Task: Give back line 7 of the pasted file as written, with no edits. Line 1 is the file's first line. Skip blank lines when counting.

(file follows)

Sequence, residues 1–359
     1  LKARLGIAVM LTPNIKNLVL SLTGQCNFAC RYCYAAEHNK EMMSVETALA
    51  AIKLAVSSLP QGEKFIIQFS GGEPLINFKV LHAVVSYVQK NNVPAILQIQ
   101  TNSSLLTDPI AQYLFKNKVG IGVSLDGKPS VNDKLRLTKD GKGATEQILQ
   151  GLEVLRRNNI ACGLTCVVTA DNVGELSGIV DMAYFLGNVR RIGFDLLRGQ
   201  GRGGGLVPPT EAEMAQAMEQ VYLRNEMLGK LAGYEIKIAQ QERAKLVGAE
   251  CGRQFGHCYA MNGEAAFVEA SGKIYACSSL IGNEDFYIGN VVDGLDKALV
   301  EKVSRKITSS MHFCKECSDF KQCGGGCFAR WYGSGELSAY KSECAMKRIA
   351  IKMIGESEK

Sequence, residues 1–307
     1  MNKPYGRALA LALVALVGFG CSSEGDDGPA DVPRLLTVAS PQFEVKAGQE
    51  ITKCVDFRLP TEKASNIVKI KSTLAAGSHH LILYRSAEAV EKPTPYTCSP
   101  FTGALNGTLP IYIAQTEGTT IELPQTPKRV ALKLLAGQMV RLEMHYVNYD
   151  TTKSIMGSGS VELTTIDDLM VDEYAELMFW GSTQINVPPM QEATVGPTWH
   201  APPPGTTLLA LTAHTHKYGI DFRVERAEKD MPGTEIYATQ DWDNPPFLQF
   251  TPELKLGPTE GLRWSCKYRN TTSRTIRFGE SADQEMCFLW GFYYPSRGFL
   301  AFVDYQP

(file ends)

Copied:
   251  CGRQFGHCYA MNGEAAFVEA SGKIYACSSL IGNEDFYIGN VVDGLDKALV